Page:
These belagines laws entered in the tradition of the Ostrogoths but it doesn’t exclude similar Visigothic traditions, since the Dicineu / Dekaineos tradition no matter how literary it may be, points to Dacia.
The only place in the antique literature that the word belagines occurs is Jordanes' Getica. Karl Müllenhoff suggested that either Jordanes or Cassiodorus got this information from Dio, and that it related to the Getae
Danish scholar Arne Soby Christensen claims that the Getica was an entirely fabricated account, and that the origin of the Goths in the book is a construction based on popular Greek and Roman myths as well as a misinterpretation of recorded names from Northern Europe. The purpose of this fabrication, according to Christensen, was to establish a glorious identity for the peoples that had recently gained power in post-Roman Europe. Christensen argues the importance of the word belagines has been overstated, as it occurs in a fictitious context.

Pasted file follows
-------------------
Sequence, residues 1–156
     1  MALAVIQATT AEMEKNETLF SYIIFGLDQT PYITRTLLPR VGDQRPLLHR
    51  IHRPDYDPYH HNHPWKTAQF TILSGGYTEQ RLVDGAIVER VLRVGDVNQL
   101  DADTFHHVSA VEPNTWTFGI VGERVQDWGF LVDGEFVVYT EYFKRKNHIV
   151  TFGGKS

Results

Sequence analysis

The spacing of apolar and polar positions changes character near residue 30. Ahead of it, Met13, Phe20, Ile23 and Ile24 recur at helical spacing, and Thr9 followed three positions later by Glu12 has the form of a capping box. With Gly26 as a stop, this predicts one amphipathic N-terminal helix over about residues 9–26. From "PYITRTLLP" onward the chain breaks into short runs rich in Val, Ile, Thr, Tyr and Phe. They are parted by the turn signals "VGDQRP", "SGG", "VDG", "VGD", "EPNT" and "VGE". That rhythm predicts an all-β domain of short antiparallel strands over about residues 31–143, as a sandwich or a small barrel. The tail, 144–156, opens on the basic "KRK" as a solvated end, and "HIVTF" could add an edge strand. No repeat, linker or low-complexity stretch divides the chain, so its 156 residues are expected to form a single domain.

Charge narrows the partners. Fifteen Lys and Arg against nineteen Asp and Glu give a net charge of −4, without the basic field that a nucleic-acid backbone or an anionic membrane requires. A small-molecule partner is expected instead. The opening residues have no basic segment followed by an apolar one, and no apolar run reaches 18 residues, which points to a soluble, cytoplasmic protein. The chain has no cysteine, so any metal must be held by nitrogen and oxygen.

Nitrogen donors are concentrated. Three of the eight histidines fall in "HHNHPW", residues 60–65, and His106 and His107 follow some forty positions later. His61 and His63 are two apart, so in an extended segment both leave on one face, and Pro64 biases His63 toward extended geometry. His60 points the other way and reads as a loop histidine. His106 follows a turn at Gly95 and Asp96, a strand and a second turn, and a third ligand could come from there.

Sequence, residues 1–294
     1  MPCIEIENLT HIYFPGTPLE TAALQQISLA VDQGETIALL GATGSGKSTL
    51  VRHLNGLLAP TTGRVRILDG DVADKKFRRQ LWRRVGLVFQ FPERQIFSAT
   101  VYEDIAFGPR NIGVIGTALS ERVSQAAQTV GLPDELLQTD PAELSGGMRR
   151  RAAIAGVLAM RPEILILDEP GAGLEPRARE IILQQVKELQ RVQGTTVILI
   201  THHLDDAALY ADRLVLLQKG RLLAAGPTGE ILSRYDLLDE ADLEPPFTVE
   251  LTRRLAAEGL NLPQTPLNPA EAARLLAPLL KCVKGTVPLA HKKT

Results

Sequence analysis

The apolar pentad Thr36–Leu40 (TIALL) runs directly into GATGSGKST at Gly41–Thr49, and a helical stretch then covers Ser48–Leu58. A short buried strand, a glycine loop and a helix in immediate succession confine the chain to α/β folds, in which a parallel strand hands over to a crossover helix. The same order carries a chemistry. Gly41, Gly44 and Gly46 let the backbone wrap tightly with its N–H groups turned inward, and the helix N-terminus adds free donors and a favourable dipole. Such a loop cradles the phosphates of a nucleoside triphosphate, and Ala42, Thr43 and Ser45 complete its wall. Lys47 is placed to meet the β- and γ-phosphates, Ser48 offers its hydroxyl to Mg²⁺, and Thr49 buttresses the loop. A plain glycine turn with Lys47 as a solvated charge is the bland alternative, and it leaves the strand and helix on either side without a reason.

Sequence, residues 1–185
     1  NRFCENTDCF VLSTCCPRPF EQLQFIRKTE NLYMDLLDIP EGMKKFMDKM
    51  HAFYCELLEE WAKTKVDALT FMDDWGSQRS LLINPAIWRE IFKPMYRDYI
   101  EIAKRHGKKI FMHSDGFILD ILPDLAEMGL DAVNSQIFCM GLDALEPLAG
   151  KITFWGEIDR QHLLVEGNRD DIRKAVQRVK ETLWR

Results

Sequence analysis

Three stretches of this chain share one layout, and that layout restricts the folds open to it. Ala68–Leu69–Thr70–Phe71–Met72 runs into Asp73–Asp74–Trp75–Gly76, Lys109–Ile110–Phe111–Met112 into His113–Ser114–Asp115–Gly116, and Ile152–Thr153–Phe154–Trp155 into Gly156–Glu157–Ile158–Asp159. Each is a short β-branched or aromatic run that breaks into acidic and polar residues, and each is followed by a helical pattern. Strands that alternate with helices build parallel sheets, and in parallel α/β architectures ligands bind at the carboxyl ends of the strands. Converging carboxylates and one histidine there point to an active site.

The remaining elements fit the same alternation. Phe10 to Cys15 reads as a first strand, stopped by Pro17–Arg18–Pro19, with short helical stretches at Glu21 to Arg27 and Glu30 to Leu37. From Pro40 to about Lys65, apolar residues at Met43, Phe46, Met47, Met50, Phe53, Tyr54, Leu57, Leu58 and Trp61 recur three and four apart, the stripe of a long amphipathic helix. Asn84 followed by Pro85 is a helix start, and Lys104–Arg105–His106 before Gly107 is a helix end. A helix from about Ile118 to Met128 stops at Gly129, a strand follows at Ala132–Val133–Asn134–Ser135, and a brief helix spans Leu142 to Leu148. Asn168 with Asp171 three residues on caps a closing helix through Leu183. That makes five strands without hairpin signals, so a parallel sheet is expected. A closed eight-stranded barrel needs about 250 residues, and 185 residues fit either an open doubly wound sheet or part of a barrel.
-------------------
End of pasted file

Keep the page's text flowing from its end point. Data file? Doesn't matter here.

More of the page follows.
Canadian scholar Walter Goffart suggests another incentive: Getica was part of a conscious plan by emperor Justinian and the propaganda machine at his court. He wanted to affirm that Goths (and their barbarian cousins) did not belong to the Roman world, thus justifying the claims of the Eastern Roman Empire to the western part of the latter.
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